by helping students understand what
creativity is, using rubrics, examples,
and discussion about these. Then give
feedback on the level of creativity you

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Putting It All Together


Elaine Shaffer is a 3rd grade teacher
at West Hills Primary School in West
Hills, Pennsylvania. Her students were
learning to identify polygons and understand their characteristics. She gave
them an assignment to draw a picture
using polygons. The assignment was
conducive to creativity because it asked

SUSIE FITZHUGH

observe in their work. In the example


of the acrostic poem, the teacher might
have coached the girl to work with more
originality, explaining that her work was
very much like many other poems and
challenging her to write a poem that
was less like those of others. The boy
needed to know that his use of unique
personality termssuch as aggressive
and nuttywas creative and poetically
skilled. In these cases, a few words
of feedback to each student would
probably have sufficed. The important
thing is to say the wordsto name,
note, encourage, and value the creativity
in the work.
Teachers can give more complex
feedback on more complex assignments.
For example, in the write-a-melody
music assignment, some melodies will
sound very much like themes that other
composers have written. Pointing out
those similarities and asking for more
differences may be useful. (This part
of your melody sounds a lot like the
beginning of The Star Spangled Banner.
Were you thinking of that? Can you put
together a series of four notes that work
as a melody but that dont sound like
anything else youve ever heard?)
Just as with all feedback, students
need an immediate opportunity to
use feedback on creativity. They dont
necessarily have to redo their work,
although thats one way to give them
such an opportunity. They could also
brainstorm fresh ways they might have
approached the problem, written the
poem, and so on. But they need to do
something with the feedback immediately. Minds need to stretch to grow
more creative.

The important thing is to say the


wordsto name, note, encourage, and
value the creativity in the work.
students to put together two unlike
thingstheir knowledge of polygons
and their view of the world in which
they live. Ms. Shaffer shared three
criteria for the picture with her students: (1) There should be at least four
different polygons, (2) the polygons
should be labeled, and (3) the polygons
should form a picture.

forgot to label them. His work was of


lesser quality than that of Student 1,
although if he does know the names
of the polygons, his understanding is of
high quality. A good next step would
be for the teacher to ask him whether
he knows the names of the polygons
he used and, if so, to ask him to label
them.

Look at Expectations
Lets examine two pieces of student
work in terms of these teacher expectations (see fig. 2). Student 1 included
and labeled four different polygons,
and she created a picture, as opposed to
just including four separate shapes. So
her work was of high quality. Student2
included at least three polygons (a
square, a trapezoid, and a rectangle).
He created a picture, but he didnt label
anything. Looking at his work, we can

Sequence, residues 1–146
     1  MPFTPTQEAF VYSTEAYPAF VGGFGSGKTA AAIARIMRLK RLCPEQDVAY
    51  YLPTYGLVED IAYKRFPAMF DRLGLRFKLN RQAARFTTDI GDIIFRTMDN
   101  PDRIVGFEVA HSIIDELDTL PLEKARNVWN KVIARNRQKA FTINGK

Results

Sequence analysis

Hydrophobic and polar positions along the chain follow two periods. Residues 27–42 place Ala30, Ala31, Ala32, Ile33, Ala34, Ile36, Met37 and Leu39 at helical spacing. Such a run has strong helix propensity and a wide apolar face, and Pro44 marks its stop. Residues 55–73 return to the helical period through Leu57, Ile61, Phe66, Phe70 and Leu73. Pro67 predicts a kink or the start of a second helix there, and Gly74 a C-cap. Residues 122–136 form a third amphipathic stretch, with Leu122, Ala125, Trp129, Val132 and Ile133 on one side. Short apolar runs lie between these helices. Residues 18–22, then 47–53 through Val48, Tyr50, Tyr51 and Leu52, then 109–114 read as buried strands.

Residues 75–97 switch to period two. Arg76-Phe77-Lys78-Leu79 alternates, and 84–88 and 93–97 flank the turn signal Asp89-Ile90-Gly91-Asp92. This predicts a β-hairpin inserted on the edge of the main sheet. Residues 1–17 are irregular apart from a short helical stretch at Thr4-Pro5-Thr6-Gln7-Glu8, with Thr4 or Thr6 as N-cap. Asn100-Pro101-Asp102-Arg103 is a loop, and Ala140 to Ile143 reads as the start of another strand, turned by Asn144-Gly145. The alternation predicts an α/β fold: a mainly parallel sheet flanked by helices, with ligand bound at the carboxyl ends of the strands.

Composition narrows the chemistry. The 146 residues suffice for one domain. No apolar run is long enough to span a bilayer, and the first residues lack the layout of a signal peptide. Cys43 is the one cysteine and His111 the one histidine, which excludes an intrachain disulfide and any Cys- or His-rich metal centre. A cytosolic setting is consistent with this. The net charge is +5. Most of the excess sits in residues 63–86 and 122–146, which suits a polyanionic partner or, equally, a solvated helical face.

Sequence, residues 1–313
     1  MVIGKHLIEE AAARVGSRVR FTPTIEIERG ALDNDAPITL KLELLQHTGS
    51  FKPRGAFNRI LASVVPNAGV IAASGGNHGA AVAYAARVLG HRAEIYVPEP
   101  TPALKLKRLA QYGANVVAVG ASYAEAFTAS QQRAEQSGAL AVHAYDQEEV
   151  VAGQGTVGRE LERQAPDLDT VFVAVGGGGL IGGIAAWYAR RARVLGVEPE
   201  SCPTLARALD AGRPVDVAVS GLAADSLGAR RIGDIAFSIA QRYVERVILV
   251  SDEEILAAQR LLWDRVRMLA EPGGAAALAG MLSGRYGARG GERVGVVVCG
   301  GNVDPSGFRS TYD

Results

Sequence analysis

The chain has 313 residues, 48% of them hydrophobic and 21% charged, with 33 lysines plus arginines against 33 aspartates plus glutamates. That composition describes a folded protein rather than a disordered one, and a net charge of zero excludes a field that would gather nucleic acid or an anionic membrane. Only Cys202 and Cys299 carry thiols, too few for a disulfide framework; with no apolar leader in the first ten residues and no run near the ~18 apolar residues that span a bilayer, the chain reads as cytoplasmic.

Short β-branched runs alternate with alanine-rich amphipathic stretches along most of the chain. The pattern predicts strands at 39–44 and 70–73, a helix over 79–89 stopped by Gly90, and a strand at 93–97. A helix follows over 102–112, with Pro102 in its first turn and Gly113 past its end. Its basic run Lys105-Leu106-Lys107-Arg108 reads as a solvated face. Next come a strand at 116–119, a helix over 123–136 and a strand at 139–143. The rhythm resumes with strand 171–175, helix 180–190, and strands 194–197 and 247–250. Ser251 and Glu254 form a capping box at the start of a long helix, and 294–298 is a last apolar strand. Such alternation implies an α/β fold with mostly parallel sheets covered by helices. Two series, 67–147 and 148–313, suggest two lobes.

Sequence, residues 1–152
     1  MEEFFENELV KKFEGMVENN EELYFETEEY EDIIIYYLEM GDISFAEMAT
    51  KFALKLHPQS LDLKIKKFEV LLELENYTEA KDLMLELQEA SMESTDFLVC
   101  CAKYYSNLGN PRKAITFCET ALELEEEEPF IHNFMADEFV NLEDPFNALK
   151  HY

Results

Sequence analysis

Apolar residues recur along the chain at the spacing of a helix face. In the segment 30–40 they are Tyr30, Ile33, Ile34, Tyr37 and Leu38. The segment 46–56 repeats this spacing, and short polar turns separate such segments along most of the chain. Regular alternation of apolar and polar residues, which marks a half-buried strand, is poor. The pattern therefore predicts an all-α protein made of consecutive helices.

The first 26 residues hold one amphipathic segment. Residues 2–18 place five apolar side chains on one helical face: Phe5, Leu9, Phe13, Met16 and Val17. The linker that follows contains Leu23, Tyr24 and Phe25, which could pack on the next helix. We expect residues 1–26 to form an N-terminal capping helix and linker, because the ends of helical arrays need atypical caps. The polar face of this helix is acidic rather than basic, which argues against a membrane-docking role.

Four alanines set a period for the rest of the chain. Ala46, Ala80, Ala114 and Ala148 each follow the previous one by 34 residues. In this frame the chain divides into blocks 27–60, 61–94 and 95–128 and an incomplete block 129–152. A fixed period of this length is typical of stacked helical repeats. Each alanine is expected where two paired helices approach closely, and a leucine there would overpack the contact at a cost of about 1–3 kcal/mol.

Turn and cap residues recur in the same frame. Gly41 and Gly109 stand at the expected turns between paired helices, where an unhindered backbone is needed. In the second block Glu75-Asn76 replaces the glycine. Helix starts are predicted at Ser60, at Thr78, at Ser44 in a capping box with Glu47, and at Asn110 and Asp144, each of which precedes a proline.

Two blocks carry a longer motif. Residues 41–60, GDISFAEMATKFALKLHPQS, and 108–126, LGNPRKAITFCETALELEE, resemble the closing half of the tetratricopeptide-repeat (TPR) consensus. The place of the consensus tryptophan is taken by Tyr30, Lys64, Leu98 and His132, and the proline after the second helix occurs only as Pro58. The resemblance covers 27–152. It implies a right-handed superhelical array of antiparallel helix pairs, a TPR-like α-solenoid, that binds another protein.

tell he understood that polygons have
straight sides, but its unclear whether
he knows their names. Perhaps he just

Look at Creativity
Now lets focus on creativity separately
from the other criteria for the work.
The rubric for creativity suggests that
we can look for four thingsvariety of
ideas and contexts; variety of sources
(including personal experiences);
whether the author has combined ideas
to make something new; and whether
he or she has communicated something
interesting or surprising.
Student 1 uses ideas that are standard
in childrens drawings: a neighborhood
scene with a house, a path, a tree, and
so on. The picture looks similar to many
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other childrens drawings. The creativity


in Student 1s work is derived from the
assignment, which required students to
combine polygons and a picture.
Student 2 uses polygons and creates
a picture, incorporating two new ideas:
baking and football. That caused me
to smile when I first saw this drawing.
Im not used to seeing football, baking,
and polygons together. In terms of creativity, his work was more original than
Student 1s picture. In fact, although it
may be pressing too hard, I think I see a
young man who has a good relationship
with his mom and who likes to bake
or, at least, likes to eat what his mom
bakes. The picture draws the viewer in
and invites such speculation, which is
part of its original contribution or surprise value.
Im not saying that the boy doesnt
need to know the names of his polygons
or that his teacher should regard his
work as evidence of this knowledge.

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Im saying that when teachers appraise


creativity separately, additional opportunities for feedback arise. If the
teacher tells Student 2 how engaging
and original his picture is, she will
encourage his continued creativity. If he
only hears that hes missing some labels,
he will not know the complete value of
the work he produced.
Helping Your Students Grow
Teachers can assess creativity at every
grade level and in every subject, using
both basic and complex student work.
Think through an example of an

EL O n l i n e
For more from Susan
Brookhart on assessing
creativity, watch the interview at
www.ascd.org/el0213brookhart.

assignment you might give in the grade


level and subject you teach. How will
your feedback help students grow more
creative? And how will you assess their
progress? EL
References
Brookhart, S. M. (2010). How to assess
higher-order thinking skills in your
classroom. Alexandria, VA: ASCD.
Brookhart, S. M. (2013). How to create and
use rubrics for formative assessment and
grading. Alexandria, VA: ASCD.
Perkins, D. N. (1981). The minds best work.
Cambridge, MA: Harvard University
Press.
Susan M. Brookhart (susanbrookhart@
bresnan.net) is an independent education
consultant based in Helena, Montana,
and a research associate in the Center
for Advancing the Study of Teaching and
Learning at Duquesne University. Her
latest book is How to Create and Use
Rubrics for Formative Assessment and
Grading (ASCD, 2013).